Hawaii People’s Fund supports grassroots organizations. Small ones, emerging ones, controversial ones. These groups might not find support anywhere else.
Grassroots community organizations are the leading edge of change. Large agencies, institutions, may be doing critical work, but they began in someone’s carport or neighborhood center once upon a time. That’s where you’ll find Hawaii People’s Fund, in the garage, not at the gala.
Other philanthropic, grantmaking foundations operate completely or in large part from the interest earned off of invested fortunes. Hawaii People’s Fund IS a people’s fund. Our operating costs are held to a minimum. Our grant funds come from YOU, the people. Once we award grants, we have to start all over. It’s like the tide; grantmaking comes at high tide!
Our values are focused on progressive issues and supporting movements for justice and social change. To do this, we also have to practice fundraising. And much of the literature and expert advice says to focus on major donors. Professional fundraisers spend a lot of time on this. We have less than 2 full-time staff to run everything.
Data tells us that Hawaii has a very high percentage of resident millionaires. Please note: we will be most appreciative if any donor wants to contribute a significant amount of money to Hawaii People’s Fund (a 501c3, tax deductible)! A few have and do and it surely makes a big difference to the work we do. We are happy to discuss Hawaii People’s Fund with any interested millionaire or hundred thousandaire!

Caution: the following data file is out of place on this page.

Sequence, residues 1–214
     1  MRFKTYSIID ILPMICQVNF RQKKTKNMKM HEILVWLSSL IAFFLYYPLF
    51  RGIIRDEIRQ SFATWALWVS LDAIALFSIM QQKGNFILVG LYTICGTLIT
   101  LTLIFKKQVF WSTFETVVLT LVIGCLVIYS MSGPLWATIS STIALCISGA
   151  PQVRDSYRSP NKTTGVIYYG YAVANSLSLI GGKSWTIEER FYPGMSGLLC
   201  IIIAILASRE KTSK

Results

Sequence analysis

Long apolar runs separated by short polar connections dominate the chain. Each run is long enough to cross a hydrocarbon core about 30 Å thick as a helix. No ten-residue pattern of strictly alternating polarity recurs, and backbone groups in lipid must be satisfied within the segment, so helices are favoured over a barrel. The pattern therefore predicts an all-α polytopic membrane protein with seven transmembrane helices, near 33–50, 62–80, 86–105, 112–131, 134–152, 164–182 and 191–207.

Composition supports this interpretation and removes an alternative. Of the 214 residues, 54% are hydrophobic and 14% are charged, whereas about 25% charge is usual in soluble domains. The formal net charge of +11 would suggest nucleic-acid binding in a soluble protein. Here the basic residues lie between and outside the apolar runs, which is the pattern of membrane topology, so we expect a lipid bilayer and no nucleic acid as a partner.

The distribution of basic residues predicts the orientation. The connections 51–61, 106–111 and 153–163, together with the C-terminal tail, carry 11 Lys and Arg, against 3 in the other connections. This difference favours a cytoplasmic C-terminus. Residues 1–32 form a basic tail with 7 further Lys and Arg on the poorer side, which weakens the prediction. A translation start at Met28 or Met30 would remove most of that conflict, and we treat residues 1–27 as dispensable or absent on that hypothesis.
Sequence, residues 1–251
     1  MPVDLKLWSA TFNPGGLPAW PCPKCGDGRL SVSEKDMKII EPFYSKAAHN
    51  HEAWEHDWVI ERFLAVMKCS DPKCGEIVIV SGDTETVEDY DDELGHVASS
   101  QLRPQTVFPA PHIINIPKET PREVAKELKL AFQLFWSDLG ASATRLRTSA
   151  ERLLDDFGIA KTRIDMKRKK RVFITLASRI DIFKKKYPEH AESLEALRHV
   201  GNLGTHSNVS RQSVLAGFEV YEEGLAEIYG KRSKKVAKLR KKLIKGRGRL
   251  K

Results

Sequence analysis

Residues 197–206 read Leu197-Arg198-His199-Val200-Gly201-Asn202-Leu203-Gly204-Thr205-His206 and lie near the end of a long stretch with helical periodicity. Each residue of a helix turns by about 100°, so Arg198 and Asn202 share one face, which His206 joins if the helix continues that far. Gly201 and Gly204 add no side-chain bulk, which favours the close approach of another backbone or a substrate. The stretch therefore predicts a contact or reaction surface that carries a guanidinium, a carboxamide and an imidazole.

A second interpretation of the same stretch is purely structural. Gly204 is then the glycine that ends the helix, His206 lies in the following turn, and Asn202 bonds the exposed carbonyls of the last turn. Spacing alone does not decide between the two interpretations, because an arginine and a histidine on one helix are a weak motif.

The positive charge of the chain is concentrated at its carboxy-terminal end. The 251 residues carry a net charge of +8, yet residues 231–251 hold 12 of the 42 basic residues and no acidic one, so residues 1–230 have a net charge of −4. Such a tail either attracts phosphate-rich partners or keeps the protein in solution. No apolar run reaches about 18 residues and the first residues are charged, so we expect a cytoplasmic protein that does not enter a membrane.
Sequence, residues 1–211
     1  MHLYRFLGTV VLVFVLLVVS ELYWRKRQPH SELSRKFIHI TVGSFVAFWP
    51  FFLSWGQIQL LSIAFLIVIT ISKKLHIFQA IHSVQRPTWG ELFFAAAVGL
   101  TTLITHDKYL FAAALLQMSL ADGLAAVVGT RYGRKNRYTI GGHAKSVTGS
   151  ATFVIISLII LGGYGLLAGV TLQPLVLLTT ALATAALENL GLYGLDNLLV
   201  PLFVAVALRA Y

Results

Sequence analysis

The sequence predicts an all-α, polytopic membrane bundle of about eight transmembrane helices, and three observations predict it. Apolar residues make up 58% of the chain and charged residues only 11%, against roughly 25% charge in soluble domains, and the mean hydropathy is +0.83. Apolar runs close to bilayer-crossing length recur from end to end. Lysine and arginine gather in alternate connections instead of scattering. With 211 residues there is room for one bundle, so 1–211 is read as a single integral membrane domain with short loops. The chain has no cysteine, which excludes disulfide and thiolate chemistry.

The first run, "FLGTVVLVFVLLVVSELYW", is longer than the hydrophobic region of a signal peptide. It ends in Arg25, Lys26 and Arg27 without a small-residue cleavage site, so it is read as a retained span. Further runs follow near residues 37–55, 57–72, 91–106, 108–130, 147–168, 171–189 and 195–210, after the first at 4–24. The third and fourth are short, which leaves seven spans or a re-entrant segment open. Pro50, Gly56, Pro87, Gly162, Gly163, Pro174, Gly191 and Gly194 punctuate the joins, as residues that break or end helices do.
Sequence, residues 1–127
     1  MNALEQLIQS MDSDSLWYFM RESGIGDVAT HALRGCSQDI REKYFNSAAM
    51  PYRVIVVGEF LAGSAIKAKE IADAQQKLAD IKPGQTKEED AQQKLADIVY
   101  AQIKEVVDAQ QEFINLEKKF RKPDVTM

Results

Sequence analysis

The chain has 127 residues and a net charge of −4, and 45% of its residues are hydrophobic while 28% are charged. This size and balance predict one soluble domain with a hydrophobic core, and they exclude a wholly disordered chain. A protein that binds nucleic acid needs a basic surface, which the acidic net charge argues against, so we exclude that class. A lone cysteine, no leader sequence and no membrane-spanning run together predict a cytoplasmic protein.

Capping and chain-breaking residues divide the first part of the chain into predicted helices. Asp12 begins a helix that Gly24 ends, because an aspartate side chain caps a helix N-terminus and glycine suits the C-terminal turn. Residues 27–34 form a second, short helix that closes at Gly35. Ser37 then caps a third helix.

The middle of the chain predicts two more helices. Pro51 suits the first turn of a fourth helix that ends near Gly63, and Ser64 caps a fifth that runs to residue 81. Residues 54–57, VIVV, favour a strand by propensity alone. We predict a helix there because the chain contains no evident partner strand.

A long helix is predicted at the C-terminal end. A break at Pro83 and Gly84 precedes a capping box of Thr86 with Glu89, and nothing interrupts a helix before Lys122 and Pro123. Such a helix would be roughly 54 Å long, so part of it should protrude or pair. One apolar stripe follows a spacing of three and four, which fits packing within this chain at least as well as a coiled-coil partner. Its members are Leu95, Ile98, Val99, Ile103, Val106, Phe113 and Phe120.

This said, like all successful activism, our work depends not on one or two people but on the commitment of dozens, hundreds, and thousands of individuals united by and committed to a vision of justice, equality, dignity. Every $10 donation from a busy, low-income person who cares about the future of our community has as much meaning as $10,000 from a wealthy individual who cares just as much and can afford more. A beautiful stone wall is made up of a variety of rocks, different sizes and shapes, not just a couple of boulders!
Your vision, your commitment, your contribution and engagement in building a better future is what sustains Hawaii People’s Fund. We continue to steward all donations as thoughtfully and carefully as possible and we are always open to your feedback.
3-31-15 Nancy Aleck
Hawaii People's Fund supports social change. We give grant funding to grassroots groups. We build community with and among grassroots groups. And we encourage others to participate in a collective form of philanthropy, donating money which we re-distribute to support the work of these grassroots organizations.